Nautical News: For the week of March 13th, 2011

SEARCH SUSPENDED FOR PHOTOGRAPHER OF TSUNAMI

Off the coast of northern California, the Coast Guard suspended its search for a man who was washed out to sea while taking photographs of the crashing waves resulting from the tsunami thousands of miles away. He and two other men were swept up by the current, but the two others were able to swim back the shore. The incident occurred at the mouth of the Klamath River, which is a popular beach near the Oregon and California state line. A tsunami warning was in effect for that area at the time of the incident. That same area was hit by a tsunami caused by the 1964 earthquake in Alaska.

SECRETARY OF COMMERCE STEPPING DOWN

If you can’t take the heat then get out of the kitchen. Apparently Gary Locke, the head of the U.S. Department of Commerce who oversees NOAA and the National Marine Fisheries Service, is heeding that advice and stepping down. For months, Locke was criticized for his lack of oversight of the fisheries management people. In fact Secretary Locke was named a defendant in a federal lawsuit filed by the cities of New Bedford and Gloucester as they attempted to stop new fishing rules called catch shares and sector management. Secretary Locke received several letters from Senator Scott Brown and Congressman Barney Frank, but failed to act on them. He refused to respond to questions from newly elected Congressman Bill Keating. He also angered Massachusetts Governor Deval Patrick by denying his request for an emergency increase in the catch allowance for the fishermen. President Obama is now expected to appoint Locke as the new U.S. ambassador to China.

SEAFOOD PROCESSING PLANT TO BE BUILT IN BOSTON

Boston officials have approved plans for a $70 million seafood processing plant to be built on the waterfront in the city’s seaport district. The proposed 350,000 square foot facility would employ up to 1,500 people and make Boston a full service fishing port. A viewing station built along the city’s Harborwalk would allow the public to watch the fish processing. Construction is expected to start before the end of this year.

PROBLEMS AGAIN FOR CHATHAM COAST GUARD BOATS

One of the two, new Coast Guard 42 foot rescue boats disabled by big waves five months ago almost made it back to Chatham from Newport this past week. Since last November, the boats were sent back to their builder to have thicker windshields installed. Exactly what problems the boat experienced while enroute to Chatham this past week was not clear, but the boat had to turn around and head back to Station Castle Hill in Newport. Meanwhile, the Coast Guard will continue to use big cutters and helicopters to patrol the Chatham area.

NAMES SUBMITTED FOR NEW ENGLAND FISHERIES COUNCIL

Massachusetts Governor Deval Patrick has submitted names of two new people to serve on the New England Fishery Management Council. In a letter to the National Marine Fisheries Service, he nominated Laura Foley Ramsden, the co-owner of a New Bedford seafood processing company and Thomas Dempsey, who serves on the staff of the Cape Cod Commercial Hook Fishermen’s Association as its policy director. If Laura Foley Ramsden is selected, she would be the first woman recommended by a Massachusetts governor to serve on the fisheries council.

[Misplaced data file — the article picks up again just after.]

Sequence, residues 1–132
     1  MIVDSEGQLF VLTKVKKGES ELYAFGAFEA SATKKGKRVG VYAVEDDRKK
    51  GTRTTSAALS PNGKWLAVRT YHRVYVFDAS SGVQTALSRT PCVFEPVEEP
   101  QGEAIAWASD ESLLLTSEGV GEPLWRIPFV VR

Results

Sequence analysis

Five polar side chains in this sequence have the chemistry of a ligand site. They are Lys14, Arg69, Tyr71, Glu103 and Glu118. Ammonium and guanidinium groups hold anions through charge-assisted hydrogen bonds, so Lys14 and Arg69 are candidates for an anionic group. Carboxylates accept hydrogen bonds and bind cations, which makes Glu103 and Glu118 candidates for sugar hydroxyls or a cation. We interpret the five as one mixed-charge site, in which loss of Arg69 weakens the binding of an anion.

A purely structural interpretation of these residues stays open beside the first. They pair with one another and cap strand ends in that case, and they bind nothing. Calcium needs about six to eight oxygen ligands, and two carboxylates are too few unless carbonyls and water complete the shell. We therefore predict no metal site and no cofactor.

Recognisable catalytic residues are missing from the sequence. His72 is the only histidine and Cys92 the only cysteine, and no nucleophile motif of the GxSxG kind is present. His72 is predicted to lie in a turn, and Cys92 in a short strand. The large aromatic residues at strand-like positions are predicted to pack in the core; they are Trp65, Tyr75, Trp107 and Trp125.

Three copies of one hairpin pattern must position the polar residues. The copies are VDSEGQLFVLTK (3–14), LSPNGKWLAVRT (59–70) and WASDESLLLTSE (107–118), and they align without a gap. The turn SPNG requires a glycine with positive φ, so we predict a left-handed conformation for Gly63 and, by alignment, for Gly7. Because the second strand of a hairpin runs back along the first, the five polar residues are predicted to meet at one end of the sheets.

EPIRBS AND VHF GPS RADIOS PROPOSED FOR BOATS

Nautical Talk Radio has learned that the Coast Guard is considering a requirement that all recreational boats have an EPIRB on board. At a recent meeting of the Global Maritime Distress and Safety Systems, it was announced that the Coast Guard was considering mandatory carriage of EPIRBs for all recreational vessels that travel more than three miles offshore. An exception to this requirement would be for vessels equipped with a GPS connected VHF radio that stay within 20 miles of the coast. It was also reported that about 90% of recreational boats do not have the new digital VHF radios with GPS interfaced with them.

SCITUATE BOAT RAMP TO HAVE MAKEOVER

A popular boat ramp in Scituate will be temporarily closed for a $400,000 renovation project. The ramp is located next to the former Pier 44 Restaurant which the town recently purchased. The boat ramp is owned by the state and managed by the town. Scituate Harbormaster Mark Patterson said construction should begin any day and is expected to be finished before the beginning of summer. Several smaller boat ramps are still available for use including the one on the Cole Parkway.

MILLIONS OF DEAD FISH FLOATING IN CALIFORNIA MARINA

And last on today’s nautical news, a couple of days before the tsunami struck the coast of California, millions of dead fish floated into a marina at Redondo Beach. Officials said the cause of death is a mystery and wonder if it was a warning from Mother Nature about an impending disaster such as the Pacific tsunami. Tests of the water quality proved there weren’t any red tides, pollution, or other issues that could have caused such a massive killing. Another strange thing was the fact that the birds weren’t feasting on them. Authorities said it could take days to remove all the dead fish. There were so many dead fish that one environmentalist said she would never have believed that there so many fish in the ocean.

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